• It is essential to optimize both, but investing in a new biz or revenue stream will beat market returns in most cases. The catch is you have to survive the no profit startup period.

  • Awesome information, Daniel! We need both because we have nothing to save if we don’t create and make money. We make money for living and learn to spend them wisely but most importantly, save some for security and future purposes.

  • You need both obviously, but making money is clearly more important and superior. Why?
    1. It’s easier to save x percent of your income when you make more money. Saving 20% of your income when you make $30K a year can be a challenge where as saving 20% of your income when you make $300K a year is trivial. Because although your income is multiplied by ten, your expenses are not multiplied by ten. Even if you fall into lifestyle inflation and your expenses are five times as what they used to be, you still have plenty of money left over.
    2. There’s a clear limit to saving. So even if you have the best discipline in the world, on $30K a year you can only save a max of $30K. For making money there is no clear limit. You can always grow.

  • saving/investing is more important than what you make… I know people who made millions with a $60k/year salary and I know people who make over $100k/year and don't have a single dollar in the bank and live paycheck to paycheck with hundreds of thousands in debt

  • Both important, but there is an order in which things should be done. Getting your finances under control by reducing spending to below whatever your income level currently is at is the first step. I have never encountered someone who had a spending problem who was able to eventually earn enough to overcome that spending problem, because their spending was the problem, not their income. After you have that discipline in place, building wealth requires you to maximize your earnings over the course of your career. Just as I've never met a rich overspender, equally I've never met a rich janitor (although I suppose there may be a few, they're just extremely rare).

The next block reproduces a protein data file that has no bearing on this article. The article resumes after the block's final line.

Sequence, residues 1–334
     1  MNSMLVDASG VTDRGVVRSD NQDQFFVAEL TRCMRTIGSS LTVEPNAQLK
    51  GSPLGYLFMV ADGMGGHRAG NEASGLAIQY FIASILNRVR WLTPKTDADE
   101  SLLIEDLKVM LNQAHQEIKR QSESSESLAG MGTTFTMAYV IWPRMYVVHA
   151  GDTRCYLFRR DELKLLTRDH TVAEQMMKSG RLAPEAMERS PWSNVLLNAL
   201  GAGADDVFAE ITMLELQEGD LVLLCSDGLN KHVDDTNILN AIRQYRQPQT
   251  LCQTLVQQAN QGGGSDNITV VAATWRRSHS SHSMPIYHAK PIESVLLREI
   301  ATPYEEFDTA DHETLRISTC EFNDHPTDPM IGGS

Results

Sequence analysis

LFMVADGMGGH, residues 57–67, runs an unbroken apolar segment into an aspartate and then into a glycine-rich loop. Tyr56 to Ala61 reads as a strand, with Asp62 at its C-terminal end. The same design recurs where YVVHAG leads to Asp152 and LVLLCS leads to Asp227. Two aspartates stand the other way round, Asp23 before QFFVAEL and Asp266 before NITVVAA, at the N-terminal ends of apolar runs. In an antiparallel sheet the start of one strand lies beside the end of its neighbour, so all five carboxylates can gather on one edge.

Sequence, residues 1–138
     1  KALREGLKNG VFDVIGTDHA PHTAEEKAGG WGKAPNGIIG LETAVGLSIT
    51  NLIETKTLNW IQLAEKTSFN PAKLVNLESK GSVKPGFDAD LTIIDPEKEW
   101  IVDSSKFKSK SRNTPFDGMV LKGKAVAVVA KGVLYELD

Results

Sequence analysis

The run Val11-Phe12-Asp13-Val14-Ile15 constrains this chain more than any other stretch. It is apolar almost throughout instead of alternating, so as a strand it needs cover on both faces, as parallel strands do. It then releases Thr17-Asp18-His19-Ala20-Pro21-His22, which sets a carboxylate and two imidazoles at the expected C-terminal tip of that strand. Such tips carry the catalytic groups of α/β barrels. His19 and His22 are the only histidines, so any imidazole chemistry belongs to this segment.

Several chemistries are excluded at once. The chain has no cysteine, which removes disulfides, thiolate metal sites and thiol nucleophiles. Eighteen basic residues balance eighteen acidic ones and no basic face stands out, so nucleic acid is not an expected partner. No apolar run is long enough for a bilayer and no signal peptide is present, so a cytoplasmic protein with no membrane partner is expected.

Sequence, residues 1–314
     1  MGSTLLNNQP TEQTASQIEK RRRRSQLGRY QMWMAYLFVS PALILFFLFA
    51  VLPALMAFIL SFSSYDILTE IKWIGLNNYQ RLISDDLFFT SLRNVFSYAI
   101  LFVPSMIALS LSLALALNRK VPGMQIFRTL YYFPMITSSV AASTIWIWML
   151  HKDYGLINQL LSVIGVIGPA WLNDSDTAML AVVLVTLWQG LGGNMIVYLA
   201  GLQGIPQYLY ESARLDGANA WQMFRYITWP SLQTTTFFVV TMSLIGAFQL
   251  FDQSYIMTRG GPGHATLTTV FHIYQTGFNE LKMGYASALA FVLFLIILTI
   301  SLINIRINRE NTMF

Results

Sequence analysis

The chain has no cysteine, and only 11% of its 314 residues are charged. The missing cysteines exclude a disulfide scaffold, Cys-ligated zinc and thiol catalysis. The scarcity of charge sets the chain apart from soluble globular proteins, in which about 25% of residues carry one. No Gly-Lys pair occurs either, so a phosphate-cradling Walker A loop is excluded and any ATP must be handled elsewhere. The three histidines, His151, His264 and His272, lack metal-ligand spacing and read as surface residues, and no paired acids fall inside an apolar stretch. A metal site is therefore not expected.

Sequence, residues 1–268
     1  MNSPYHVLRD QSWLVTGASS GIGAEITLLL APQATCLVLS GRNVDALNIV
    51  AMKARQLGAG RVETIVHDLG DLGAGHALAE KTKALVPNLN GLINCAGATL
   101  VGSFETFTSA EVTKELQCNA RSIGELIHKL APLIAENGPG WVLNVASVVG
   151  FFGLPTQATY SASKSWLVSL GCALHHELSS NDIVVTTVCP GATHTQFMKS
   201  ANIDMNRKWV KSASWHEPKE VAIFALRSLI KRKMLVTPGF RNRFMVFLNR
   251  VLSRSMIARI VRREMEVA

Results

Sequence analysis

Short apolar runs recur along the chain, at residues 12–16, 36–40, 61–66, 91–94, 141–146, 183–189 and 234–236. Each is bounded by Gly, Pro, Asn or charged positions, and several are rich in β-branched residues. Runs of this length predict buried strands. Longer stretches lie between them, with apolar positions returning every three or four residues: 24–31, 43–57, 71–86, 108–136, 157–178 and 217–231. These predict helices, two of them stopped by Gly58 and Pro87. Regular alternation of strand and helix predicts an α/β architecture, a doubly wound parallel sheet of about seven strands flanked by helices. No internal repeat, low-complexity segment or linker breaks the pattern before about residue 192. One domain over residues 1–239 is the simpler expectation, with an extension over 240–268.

• Take your money and make money from that money. Basically take the profits and reinvest into your business instead of taking the profits and spend on expensive vacations and luxury items.

  • It’s like my old football coach used to tell us.

    “You can have the best offense in the state. You can score 100 points in a game, but if they score 101, you still lose. However, if you have a great defense and manage to shut them out, worst-case scenario, you tie.”

    The same thing applies to personal finance. It’s not about how much you make; It’s about how much you keep. We’ve all heard of people who earn 7 figure salaries who are dead broke. But figure out a way to live for free? You could retire tomorrow, if you wanted.

  • Few people know what money is. Money is coined by the United States Treasury, gold eagles and silver eagles. Currency is not money. Computer credits are not money. Bit coin, credit cards, credit, are not money. Please explain and known the difference between money, a claim on the past and debt notes, a claim on the future. In debt notes the Dow Jones stock index is up from $1,000 in 1971 to $26,000 in debt notes. In real money, gold or silver, the Dow is up from $1,000 to $1,444 in 2019, up less than .7% a year, less than 1% in real MONEY. Please try to use reality, gold and silver, to measure reality. Currency does not measure reality. Currency is fake legally counterfeited currency. Federal Reserve debt notes ARE NOT MONEY.

  • Although both is important, a defensive strategy is more psychologically approachable AND attainable. 1) You already touched on this, but not everyone can raise their income and not everyone wants to. To gain money through starting a business is not applicable to every job, and requires a lot of management and leadership. In my country, there is a rather small income distribution. Most people with an average income can live more frugally without putting in more effort.
    2) The hedonic treadmill/that we simply tend to spend more if we earn more. We tend to spend more money not on valuable things but buying la Mer skincream instead of Nivea when studies show that they basically contain the same ingredients.

  • Como le hacen para que se vea tan facil hacer un dibujo y que desperdicio de dibujos los borran despues de dedicarle tan poco esfuerzo😑 quisiera hacer dibujos asi de facil como echarze un pedo de repente sin ningun esfuerzo

Leave a Reply

Your email address will not be published. Required fields are marked *